The movie bravely tries to eschew typical horror movie character archetypes. Our heroine, rather than being tough-as-nails and pure as the driven snow, is emotionally abused and utterly powerless. Our hero, rather than being a dashing crusader who rushes in to save his girl from mortal peril, instead always takes two steps toward rushing in to save her, then stops, returns for the camera, and meanders toward our intrepid heroine. And our psychic, who in any other film would be an endless font of information about the spirit world and how to combat its inhabitants, is more like a marriage counselor who exists primarily as a reason for the couple to relate their backstory. His only useful contribution to the story is the explanation that the haunting is due not to a ghost, but to a demon. Demons being outside his "expertise," he refers them to a Demonologist, then leaves. Later on, when it turns out his recommended Demonologist is out of the country (something he was apparently aware of), and since there are apparently no other Demonologists or Psychics or Exorcists within driving distance of San Diego, he returns. It's a short-lived return, wherein he gets really scared and runs away.

The demon and the douchebag's war of attrition continues throughout the film. The demon indecisively moves the door a few inches, so the douchebag conducts an EVP interview where he asks the Bridgekeeper's questions from Monty Python and the Holy Grail. The douchebag gets a Ouija Board to communicate with the demon, so the demon spells out "Diane" then starts a fire that it looks like the planchette is hitting 88 miles per hour. The douchebag spreads baby powder on the floor so that the demon's chicken-like footprints show up, so the demon punches a portrait of the douchebag that's hanging on the wall. At that point, we decided to side with the demon.

During all this, the demon is continuing his assault on Katie, which includes such terrible torment as "making her stand staring at the bed for an hour, then making her go outside and sleep on a swing" and "pulling the sheet off her foot." If this had gone on much longer, we'd expect him to resort to drawing on her face in permanent marker and putting her hand in a dish of warm water. Perhaps she's just being haunted by the ghost of her douchebag boyfriend.

Ultimately, the demon has had enough (which shows a lot of patience, we'd had more than enough by the time the movie was half an hour over). He drags Katie out of bed and down the hall, where he bites her in the side, demonstrating (among other things) that he needs some serious dental work. Things ramp quickly up to the conclusion--and by quickly, I mean mind-numbingly slowly. Micah finally wants to leave the house and tries to convince Katie, but she strangely thinks everything is going to be fine, and (in an auto-tuned voice) says "I think I'd rather stay here, shaw-ty-ee." T-Pain would be proud.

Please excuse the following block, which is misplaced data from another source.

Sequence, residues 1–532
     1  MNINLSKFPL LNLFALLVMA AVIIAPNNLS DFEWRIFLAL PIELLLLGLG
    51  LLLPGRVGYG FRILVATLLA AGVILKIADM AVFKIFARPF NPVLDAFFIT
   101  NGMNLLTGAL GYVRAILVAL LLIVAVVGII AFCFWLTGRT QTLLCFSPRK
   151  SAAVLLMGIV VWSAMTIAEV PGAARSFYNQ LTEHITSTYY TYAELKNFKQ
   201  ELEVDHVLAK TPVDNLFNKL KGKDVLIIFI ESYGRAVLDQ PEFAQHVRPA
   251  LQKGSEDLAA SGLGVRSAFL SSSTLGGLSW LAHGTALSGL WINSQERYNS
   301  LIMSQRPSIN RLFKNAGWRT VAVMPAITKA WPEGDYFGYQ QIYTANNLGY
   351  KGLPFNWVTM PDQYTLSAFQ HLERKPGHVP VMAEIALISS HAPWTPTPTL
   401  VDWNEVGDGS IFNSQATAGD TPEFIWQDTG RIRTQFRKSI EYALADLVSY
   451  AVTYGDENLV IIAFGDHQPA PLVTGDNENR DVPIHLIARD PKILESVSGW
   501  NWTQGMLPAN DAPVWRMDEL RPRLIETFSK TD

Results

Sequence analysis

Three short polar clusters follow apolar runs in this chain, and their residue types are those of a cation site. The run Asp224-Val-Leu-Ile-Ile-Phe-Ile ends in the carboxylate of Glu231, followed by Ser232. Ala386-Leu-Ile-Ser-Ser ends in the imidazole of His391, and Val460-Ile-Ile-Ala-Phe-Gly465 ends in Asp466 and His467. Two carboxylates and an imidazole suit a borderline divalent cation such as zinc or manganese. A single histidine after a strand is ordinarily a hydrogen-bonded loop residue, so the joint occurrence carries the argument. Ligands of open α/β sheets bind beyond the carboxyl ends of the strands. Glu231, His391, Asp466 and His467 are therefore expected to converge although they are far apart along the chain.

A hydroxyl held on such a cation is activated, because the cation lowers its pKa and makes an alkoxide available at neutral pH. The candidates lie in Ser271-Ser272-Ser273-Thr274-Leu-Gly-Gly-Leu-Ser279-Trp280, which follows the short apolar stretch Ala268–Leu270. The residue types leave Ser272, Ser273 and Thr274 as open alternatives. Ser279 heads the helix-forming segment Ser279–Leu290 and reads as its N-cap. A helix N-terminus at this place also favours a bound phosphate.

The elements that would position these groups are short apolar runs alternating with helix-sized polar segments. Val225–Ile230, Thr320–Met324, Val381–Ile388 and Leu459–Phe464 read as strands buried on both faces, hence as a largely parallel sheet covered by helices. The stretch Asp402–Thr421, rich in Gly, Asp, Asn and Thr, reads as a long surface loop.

The film ends with another bout of Katie's Ambien-induced sleep-standing-and-staring. She walks down the hall and screams, and Micah comes to her rescue. After some distant screaming and shouting, there's silence, until Micah's body is thrown against the camera by a blood-stained Katie, who crouches down to sniff at him, then looks at the camera and smiles with teeth taken from Jennifer's Body.

There are a couple of unimportant subplots we ignored, like the fire which consumed Katie's old house and the girl named Diane that this demon apparently haunted in the '60s, but if the movie didn't care enough to tie those up, then neither do we.

Did you think "Groundhog Day" was scary? If so, then maybe you'd find Paranormal Activity's habit of showing a ghost scene, then replaying the scene on Micah's computer the next morning absolutely terrifying. The rest of us realize why the trailer didn't show any scenes from the movie. The only two scenes the filmmakers could have shown would have shot their load before anyone bought a ticket, and why demand the cow when you get the milk for free. The filmmakers seemingly couldn't decide whether they wanted a shaky-cam "real footage" film like The Blair Witch Project and Cloverfield, or a polished horror movie. Consequently, there are obvious cuts that somehow fail to interrupt the flow of scripted dialogue, and quite a bit of editing that makes one wonder who--since our principal characters are dead and missing respectively at the end--bothered to try to pare it down to a moderately dramatic narrative. Despite some kind of professional editing, a good 50% of the movie is spent on shots of two people sleeping with very little happening. The other 50% is spent on shots of two people arguing with very little happening.